METZL: Yeah but I think the science is advancing and the science, it’s not coincidental that Jim was talking about that big advances over the last decade. We are at an inflection point in our science and we are at an inflection point in our evolution as a species. And so for four billion years our ancestors have evolved by the forces that you that you’ve mentioned. But right now our science is beginning a process and of allowing us to guide our own evolutionary path.
FINS: Utopian thinkers have been saying that for centuries.
METZL: For sure
FINS: It’s not a new story.
METZL: Yes, but our tools are so much more advanced
FINS: And they’ve been saying that too.
METZL: And that they’re getting more advanced. And so but we will still have the same ethical challenges.
TAYLOR: But the decision-making has not gotten more advanced is what I was saying.
FINS: We’re still human.
TAYLOR: And the people who are in power and the people who are making those decisions have not necessarily gotten more advanced either.
METZL: That’s one hundred percent correct.
FINS: In fact we’re in a post-Enlightenment age…
METZL: We are we are heading in the wrong direction.
FINS: We don’t believe in fact, we don’t believe in science.
TAYLOR: We don’t believe in vaccines.
METZL: There’s no doubt about that.
FINS: A plus B equals catastrophe.
METZL: I agree. I completely agree with that. And yet the science is advancing exponentially and so the onus, that’s why these kinds of conversations are so important, is the onus is on all of us. Because you can either stop the science and let’s say you stop it here it’s going to happen someplace else or you can say well we better really get our act together and if we value diversity, let’s have a conversation about diversity
TAYLOR: Back in the 90s I was doing stem cell research when, when then President Bush said we’re going to we’re going to eliminate embryonic stem cell research. And I remember getting called by the media and asked how I felt about that and I basically said the problem is, if we’re only going to use the established cell lines that were all established from rich white people who can afford in vitro fertilization, guess what? We’re only really about twelve of those that are any good. So we’re going to make all our decisions about stem cells going forward based on twelve rich white people? That scares me because diversity is what we need to understand biology. If you look at every one of just us, who aren’t that diverse, we’re going to be different.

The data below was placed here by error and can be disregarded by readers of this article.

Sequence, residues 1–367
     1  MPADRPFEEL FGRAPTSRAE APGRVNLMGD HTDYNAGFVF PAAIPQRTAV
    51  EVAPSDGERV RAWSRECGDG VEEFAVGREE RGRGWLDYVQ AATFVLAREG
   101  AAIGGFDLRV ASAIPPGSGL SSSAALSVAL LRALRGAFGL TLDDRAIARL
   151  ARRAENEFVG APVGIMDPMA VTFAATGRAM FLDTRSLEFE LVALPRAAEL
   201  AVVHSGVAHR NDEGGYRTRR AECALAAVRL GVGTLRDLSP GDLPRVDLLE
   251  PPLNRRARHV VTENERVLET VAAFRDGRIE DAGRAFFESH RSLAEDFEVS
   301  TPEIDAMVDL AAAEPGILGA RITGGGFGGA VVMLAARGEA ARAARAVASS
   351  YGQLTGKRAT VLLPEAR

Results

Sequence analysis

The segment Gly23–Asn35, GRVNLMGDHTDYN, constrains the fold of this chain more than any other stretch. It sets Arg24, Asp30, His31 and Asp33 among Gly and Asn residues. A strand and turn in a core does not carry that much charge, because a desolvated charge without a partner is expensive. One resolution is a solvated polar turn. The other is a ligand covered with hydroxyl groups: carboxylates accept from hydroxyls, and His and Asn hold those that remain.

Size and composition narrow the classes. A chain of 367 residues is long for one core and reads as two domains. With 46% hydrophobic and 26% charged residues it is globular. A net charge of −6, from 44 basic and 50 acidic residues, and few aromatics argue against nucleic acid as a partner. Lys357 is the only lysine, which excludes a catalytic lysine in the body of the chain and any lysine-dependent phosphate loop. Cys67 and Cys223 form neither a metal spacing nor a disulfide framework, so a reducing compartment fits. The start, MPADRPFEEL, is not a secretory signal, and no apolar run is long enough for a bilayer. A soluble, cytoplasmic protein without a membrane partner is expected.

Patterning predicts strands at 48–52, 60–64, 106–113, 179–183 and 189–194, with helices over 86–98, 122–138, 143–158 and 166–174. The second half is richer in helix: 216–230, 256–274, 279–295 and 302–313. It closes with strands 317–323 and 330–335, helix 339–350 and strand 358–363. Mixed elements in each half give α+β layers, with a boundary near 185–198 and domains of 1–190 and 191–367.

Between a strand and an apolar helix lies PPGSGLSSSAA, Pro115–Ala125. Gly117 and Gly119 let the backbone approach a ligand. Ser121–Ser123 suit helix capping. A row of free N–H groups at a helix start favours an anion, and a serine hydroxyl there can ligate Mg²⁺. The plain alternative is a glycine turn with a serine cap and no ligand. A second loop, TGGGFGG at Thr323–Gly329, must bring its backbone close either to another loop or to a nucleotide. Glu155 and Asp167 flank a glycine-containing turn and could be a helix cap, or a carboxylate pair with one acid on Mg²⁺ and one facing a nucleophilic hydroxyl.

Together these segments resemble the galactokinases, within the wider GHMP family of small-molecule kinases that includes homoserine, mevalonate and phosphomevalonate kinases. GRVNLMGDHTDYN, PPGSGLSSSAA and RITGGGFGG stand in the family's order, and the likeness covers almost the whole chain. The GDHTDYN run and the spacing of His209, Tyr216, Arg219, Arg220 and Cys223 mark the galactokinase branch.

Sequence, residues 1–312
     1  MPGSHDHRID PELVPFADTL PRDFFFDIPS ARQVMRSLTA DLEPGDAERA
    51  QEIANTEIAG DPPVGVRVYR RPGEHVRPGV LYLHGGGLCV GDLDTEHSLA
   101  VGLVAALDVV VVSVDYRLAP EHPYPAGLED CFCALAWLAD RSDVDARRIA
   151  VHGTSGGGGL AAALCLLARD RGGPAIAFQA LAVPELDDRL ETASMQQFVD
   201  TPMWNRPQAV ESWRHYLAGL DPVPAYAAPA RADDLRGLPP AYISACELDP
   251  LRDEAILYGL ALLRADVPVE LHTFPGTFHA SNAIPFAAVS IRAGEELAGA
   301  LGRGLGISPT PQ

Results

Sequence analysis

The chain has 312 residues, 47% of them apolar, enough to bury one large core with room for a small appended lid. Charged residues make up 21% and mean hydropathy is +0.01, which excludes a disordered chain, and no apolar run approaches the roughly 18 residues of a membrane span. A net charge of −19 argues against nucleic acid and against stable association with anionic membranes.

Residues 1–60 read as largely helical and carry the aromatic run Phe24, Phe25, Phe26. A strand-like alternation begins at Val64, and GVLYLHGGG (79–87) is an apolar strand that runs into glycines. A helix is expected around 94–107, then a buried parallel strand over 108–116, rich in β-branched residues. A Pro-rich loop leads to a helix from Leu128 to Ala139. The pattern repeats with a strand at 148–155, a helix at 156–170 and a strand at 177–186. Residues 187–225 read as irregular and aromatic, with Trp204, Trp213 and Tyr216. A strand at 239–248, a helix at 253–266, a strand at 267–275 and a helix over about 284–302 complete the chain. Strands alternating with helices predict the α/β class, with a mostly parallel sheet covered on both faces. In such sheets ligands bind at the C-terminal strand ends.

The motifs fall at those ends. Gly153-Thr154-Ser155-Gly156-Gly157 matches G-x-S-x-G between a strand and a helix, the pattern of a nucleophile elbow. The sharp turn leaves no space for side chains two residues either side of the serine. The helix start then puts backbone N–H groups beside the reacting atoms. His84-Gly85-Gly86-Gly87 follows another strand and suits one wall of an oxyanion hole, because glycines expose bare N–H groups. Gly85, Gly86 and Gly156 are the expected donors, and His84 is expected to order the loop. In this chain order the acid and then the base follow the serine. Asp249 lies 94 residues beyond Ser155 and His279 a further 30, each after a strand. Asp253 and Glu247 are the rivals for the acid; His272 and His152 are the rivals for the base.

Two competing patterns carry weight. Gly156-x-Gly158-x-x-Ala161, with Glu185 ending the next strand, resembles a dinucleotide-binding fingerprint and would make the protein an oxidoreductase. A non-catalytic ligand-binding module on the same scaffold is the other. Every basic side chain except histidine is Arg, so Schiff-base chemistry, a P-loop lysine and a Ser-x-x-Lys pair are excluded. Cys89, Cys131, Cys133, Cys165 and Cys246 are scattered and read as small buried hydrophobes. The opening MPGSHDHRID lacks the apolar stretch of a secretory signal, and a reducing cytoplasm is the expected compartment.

KIRKLAND: Another axis of diversity is people who have disabilities.
METZL: I couldn’t agree more about diversity. Diversity is our sole survival strategy as a species and has been from this from the beginning. So if we lose whatever people think is good, it’s good now it won’t be in in the future. And with these ethical questions that’s at the essence of the debate that everybody needs to be part of. This is not a debate for experts it’s not even a debate for just one for one day or one weekend. I mean these are the questions are the fundamental questions about the future of our species. And that that should be the top of everybody’s minds. But we can’t close our eyes to where this technology is heading because again we could shut this down in the United States. It will be good or bad whatever your views are for the United States but it won’t have any impact whatsoever on the advance of this technology.
TAYLOR: The fact that reproductive cloning happens. The fact that CRISPR technologies that you’ve all heard about where you can you can actually, you can actually edit someone’s genes in real life says, and it is happening in humans outside the US now, is something we all ought to be discussing and what we, whether we embrace that or don’t.
METZL: And if you had a time machine and you went a hundred years into the future and people were saying, oh we have this thing, it’s made of code. The code is writable, it’s readable, attackable you’d say oh yeah I got you. It’s computer code and they’d like look at you like you’re crazy. No it’s biology right? We are we are developing the tools to write and rewrite the code of life. We may be wise or not wise in those applications but we will have those tools.